Can Fed Chair Jerome Powell prevent a repeat of high inflation of the ’70s era?
Have you mentally recovered from Tuesday’s market drop yet? Cathie Wood has — going on her largest buying spree since February. Retail investors also snapped up $2B in stocks on Tuesday.
Markets rebounded slightly yesterday, and now, investors are bracing for next Wednesday — when the Fed concludes its meeting to announce the next rate hike. To understand how far the Fed will go…
Investors need a history lesson from the ’70s:
1/ In the ’70s, inflation was stubbornly high — rising to 11% in 1974.
2/ In the following years, then-Fed Chair Paul Volcker raised rates — and inflation briefly fell below 6%.
3/ As inflation came down, Volcker lowered rates — which turned out to be too soon…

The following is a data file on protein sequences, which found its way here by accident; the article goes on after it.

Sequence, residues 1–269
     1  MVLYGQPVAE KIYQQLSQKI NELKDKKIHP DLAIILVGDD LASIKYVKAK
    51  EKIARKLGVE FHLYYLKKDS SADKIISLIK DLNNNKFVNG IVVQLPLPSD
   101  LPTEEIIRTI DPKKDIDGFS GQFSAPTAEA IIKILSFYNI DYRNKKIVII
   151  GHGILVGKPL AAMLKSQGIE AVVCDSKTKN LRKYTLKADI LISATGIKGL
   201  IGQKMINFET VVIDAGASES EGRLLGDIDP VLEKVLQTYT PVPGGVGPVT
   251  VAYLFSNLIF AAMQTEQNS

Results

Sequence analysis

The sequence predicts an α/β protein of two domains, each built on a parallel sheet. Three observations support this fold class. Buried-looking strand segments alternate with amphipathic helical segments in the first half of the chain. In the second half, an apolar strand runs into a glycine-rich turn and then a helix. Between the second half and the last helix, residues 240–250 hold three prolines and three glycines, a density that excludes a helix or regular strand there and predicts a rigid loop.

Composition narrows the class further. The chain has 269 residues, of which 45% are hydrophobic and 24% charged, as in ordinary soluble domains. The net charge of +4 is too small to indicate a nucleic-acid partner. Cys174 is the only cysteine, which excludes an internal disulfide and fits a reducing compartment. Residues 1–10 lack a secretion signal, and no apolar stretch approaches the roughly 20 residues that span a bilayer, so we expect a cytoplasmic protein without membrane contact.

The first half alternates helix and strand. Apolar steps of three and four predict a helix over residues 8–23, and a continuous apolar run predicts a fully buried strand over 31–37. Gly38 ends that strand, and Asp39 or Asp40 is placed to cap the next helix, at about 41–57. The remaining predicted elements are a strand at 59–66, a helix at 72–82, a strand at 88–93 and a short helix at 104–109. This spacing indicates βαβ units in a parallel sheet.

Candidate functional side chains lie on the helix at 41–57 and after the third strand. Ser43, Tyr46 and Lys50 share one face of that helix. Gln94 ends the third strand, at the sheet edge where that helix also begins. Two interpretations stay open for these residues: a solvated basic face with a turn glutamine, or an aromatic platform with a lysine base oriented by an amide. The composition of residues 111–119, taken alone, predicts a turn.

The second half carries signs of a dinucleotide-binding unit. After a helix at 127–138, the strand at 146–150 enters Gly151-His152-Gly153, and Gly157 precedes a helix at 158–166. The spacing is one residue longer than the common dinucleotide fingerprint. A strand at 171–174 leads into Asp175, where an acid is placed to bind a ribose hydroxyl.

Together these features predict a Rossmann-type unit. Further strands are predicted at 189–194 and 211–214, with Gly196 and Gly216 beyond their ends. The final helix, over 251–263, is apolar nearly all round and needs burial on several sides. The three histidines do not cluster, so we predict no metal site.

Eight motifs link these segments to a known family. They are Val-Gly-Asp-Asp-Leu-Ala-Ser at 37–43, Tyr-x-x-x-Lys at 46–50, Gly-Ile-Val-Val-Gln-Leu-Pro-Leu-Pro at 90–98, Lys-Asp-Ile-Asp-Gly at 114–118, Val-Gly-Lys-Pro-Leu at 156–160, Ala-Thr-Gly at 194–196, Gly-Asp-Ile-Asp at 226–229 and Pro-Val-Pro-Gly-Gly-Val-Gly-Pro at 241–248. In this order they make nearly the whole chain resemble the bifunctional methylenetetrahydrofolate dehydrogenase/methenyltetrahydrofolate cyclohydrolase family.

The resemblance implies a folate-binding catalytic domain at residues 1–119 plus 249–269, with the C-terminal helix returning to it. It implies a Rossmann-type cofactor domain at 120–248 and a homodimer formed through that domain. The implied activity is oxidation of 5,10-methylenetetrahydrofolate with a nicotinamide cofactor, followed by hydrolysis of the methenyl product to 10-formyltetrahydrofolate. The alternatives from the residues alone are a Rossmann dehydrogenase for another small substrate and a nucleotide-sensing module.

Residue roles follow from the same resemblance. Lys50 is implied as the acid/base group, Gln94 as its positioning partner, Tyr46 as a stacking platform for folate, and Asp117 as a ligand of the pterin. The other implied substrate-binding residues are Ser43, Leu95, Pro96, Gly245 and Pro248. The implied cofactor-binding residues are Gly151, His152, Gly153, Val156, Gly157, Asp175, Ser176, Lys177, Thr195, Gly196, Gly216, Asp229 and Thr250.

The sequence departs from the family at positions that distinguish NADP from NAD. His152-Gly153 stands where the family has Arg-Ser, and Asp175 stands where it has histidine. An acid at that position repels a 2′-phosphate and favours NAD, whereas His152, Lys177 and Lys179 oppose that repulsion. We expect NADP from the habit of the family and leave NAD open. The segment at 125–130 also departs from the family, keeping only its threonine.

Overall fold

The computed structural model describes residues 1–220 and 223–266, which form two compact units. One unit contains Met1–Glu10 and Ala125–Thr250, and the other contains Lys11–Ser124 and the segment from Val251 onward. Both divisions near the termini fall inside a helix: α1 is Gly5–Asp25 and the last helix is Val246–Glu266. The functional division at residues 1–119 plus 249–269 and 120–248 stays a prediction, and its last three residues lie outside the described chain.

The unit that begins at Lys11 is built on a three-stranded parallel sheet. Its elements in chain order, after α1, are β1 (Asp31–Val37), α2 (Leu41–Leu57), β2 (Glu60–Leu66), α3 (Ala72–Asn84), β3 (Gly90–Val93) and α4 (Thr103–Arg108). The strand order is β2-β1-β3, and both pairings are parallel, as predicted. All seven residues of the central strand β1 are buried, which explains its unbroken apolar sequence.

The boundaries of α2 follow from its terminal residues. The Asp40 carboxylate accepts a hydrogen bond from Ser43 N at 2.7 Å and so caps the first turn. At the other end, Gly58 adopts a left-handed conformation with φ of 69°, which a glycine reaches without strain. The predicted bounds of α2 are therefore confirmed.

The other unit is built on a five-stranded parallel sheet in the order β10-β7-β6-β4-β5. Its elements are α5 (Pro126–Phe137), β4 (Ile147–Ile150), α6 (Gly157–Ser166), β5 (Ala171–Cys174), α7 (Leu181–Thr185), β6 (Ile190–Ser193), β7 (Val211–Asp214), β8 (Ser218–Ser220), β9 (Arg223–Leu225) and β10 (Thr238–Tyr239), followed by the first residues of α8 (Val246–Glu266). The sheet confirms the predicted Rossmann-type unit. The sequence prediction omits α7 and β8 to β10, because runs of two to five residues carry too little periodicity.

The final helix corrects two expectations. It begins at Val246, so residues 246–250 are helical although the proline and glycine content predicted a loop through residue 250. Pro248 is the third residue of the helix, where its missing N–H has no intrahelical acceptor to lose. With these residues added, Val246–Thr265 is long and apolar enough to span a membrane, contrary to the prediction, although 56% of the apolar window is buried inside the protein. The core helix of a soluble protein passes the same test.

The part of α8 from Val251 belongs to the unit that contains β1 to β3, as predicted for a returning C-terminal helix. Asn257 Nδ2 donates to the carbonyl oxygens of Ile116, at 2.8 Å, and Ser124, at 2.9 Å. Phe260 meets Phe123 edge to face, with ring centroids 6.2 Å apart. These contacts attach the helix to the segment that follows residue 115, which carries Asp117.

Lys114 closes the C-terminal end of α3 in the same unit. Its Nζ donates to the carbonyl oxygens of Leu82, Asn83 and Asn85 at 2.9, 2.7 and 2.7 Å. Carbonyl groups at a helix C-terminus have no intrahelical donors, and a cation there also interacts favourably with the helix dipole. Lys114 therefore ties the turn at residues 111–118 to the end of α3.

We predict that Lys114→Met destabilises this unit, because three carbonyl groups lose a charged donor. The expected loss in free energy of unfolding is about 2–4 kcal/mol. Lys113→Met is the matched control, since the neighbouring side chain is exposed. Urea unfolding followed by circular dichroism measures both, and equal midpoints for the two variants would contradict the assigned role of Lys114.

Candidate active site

4/ Inflation quickly climbed back to 14.5% in 1980. Volcker raised rates back to an eye-popping 22% — forcing another recession.
Back to the future: Today, Powell is taking a lesson from the ’70s — and isn’t expected to hit the brakes on raising rates until inflation is fully under control. That’ll require taking control of rampant prices from major categories like food, rent and cars.
Going into next week: Based on Tuesday’s market moves, investors are already positioning for a larger than anticipated interest rate move.
- A 50 percentage point rate hike is off the table.
- Instead, a 75 percentage point hike is the likely scenario (70%), with investors pricing in a 30% chance of a 100 percentage point hike.
Rates are expected to rise to the 4-4.25% range by the end of 2022. There are signs of inflation slowing, but it still needs to come down significantly before we can expect the Fed to ease.